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Worldwide Ace » New World Order

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New World Order

17 March, 2014 (08:11) | Growing Up

“How are you liking living in Ned?” they ask me.

Sometimes my response is an awkward pause with that deer-in-headlights look. Other times, I shrug and look off wistfully unable to answer. Only that first week did I feel like I had a reasonable response.

“Ask again in a week,” I would tell them. “I haven’t been here long enough to process it.”

How long does it take to realign one’s life? I had been living in Boulder four years before I even thought about calling it home. When I moved to Boston, it took me five years to stop saying I was from San Francisco.

I’ve been in Nederland less than two months, and my entire life seems different and alien.

Gone is the routine mornings cooking for my now non-existent carpool. Instead, I roll out of bed, or perhaps stay there pecking away at my laptop. I make coffee, I shower, I shave if I have to. I wander around the corner to the coffee shop or to Dot’s or I don’t. I step out my door and stick out my thumb looking for a ride instead of texting and calling and organizing my transportation.

No longer do I return to the house in which I’m staying to find a quiet, comfortable evening with a packed pipe. I haven’t smoked since I moved. I’m completely lacking the desire. I told myself I wouldn’t until I got my head straight, but even after I had, I’ve said no at every opportunity. My evenings are instead spent across the way at the local bars, my drinking increasing in odd ways. I talk with the rotating crew of friends and coworkers, putz around on my laptop, read, write, mess with my bass.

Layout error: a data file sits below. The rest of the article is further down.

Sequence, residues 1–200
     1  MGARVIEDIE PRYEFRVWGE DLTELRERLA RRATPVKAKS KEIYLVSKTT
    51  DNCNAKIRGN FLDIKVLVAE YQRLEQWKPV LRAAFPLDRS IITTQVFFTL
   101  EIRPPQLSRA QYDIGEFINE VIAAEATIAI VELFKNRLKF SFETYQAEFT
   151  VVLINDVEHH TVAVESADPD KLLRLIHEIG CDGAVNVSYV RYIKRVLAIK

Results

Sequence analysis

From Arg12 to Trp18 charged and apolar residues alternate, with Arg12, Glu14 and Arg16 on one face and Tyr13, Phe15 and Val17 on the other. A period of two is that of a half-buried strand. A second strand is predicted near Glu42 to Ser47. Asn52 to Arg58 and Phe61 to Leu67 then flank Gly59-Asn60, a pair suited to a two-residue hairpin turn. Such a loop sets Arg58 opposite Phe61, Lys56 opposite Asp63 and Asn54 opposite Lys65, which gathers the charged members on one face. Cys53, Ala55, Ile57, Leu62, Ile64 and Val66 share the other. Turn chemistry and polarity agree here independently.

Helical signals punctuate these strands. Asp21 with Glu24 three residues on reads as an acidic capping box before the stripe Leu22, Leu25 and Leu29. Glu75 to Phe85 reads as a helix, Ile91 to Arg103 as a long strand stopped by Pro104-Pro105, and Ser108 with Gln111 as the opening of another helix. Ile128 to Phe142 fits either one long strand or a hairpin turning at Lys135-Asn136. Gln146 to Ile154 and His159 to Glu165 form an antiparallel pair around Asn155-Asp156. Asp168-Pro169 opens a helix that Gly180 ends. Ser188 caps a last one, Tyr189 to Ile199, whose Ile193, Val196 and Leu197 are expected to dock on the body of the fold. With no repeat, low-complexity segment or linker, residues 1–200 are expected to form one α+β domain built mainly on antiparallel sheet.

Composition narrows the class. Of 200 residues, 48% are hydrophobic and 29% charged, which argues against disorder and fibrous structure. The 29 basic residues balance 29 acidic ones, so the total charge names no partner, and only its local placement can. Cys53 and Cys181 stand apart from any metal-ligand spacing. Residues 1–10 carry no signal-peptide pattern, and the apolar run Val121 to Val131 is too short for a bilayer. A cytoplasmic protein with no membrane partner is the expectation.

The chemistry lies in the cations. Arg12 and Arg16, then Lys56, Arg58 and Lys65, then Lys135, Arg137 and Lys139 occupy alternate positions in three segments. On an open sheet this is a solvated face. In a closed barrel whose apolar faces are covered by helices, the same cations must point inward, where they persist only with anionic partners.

My desktop sits sadly unused on my desk. I have a plethora of games that I was slowly pushing through in my spare time. I haven’t played a game since my arrival. I’ve loaded one or two time wasters, stared at the start screen, and quit. My controller is collecting dust in a drawer, my hands callous and worn only from work.

There’s plenty of drama in the house. Roommates coming and going. Breakups, sex, drugs, alcoholism, fights; they wash over and past me, never touching. I felt cold and uncaring when one of my roommates attempted suicide the other week. The pools of blood, the screaming and slamming of doors, it all seemed so detached. The drama here is plenty, but none of it is mine.

Which isn’t to say I don’t have drama, it’s just separate. I have familial drama; the death of my grandfather, the medical status of my father, the issues my cousins are experiencing, the future of the condo I so love. I have relational drama; the women in whom I’m interested and their diverse locations, the women who are interested in me, the wide variety of weird, wild desires with which I suddenly feel beset. I have work drama; the ups and downs of the season, the change in management, the constant barrage of complaints and the realization that even I’m not always happy. These things all add up to plenty of drama.

While I spend hours at home, they’re spent sleeping, cleaning, working, cooking, dealing with the lie I lead outside. Half of my nights aren’t even spent in Nederland. I leave to ski, to shop, to visit friends, to wander, to study, to be elsewhere. I go to concerts, to restaurants, to work, to friends’ houses, to stores.

I feel happy, wistful, lonely, tired, surrounded…

And I wonder if I’m even really here.

“How are you liking living in Ned?” they ask me.

If I were honest, I would tell them I don’t really know. After all, I may sleep here, but I seem to live everywhere else.